The four senators from the states that surround Washington, D.C., say Metro's board of directors needs to move more quickly to protect riders from the system's aging rail infrastructure.
The latest statement from Democratic Sens. Barbara A. Mikulski and Benjamin L. Cardin of Maryland and Tim Kaine and Mark Warner of Virginia comes after Metro revealed that the track alignment issue at the Smithsonian Metro Station was known to Metro officials well before a derailment last week, a track gauge issue they apparently opted to ignore.
"Enough is enough. How many more times do we have to express our anger, frustration and outrage? This most recent incident is unacceptable and further demonstrates a pattern of neglect to physical infrastructure critical to the safety of those who ride Metro and those who work on it," the senators said Friday. "We demand accountability from Metro." Speaking for the board, Metro Safety Committee Chairman Michael Goldman called the incident "an unforgivable breach of safety" in a Thursday statement. Mikulski, Cardin, Kaine and Warner on Friday went so far as to suggest that the board itself may need to get into the business of running repair operations.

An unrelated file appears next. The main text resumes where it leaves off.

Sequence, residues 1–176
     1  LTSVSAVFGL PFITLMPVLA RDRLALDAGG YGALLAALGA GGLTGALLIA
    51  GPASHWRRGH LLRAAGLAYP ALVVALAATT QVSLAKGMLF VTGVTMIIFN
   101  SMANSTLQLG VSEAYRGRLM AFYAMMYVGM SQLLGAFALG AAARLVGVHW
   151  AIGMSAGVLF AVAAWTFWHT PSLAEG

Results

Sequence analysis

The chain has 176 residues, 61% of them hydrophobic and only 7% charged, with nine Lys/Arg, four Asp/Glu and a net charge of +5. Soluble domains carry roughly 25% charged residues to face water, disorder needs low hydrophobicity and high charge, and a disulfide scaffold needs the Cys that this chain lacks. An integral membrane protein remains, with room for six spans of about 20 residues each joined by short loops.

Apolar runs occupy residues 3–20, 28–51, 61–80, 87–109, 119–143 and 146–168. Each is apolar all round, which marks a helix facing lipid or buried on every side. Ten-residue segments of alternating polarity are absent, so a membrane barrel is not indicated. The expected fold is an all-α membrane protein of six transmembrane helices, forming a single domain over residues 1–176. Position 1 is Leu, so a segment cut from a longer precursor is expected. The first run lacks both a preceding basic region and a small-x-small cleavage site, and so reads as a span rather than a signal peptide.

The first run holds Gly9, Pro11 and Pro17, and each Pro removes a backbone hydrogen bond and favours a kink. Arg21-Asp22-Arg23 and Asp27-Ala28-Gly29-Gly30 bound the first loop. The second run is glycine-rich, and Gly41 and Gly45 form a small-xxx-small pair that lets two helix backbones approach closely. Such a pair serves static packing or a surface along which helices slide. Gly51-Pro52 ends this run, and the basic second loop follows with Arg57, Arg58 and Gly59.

"We call on the Metro Board of Directors to convene an emergency safety meeting following the completion of the General Manager's operational investigation to identify and triage the most pressing safety and infrastructure concerns. Metro must act with urgency to ensure the safety of riders is no longer ignored. If this means the Board has to micro-manage these repairs, then it must be done," the senators said.
The Metro Board seems to be recognizing the scope of the problem.
"This is a breakdown of the organization's chain of command and our safety culture. We obviously have much work ahead of us to improve the organization’s safety culture, and we will do so," Goldman said in the statement on behalf of the board. "However, Jack Requa's transparent release of information, as well as his actions to order immediate track inspections and gather information to hold people accountable at every level, is what the Board expects and what the circumstances demand. The Board has directed the General Manager to complete his operational investigation within 10 days that will explain to the Board and our riders how this track deficiency went unrepaired for so long."
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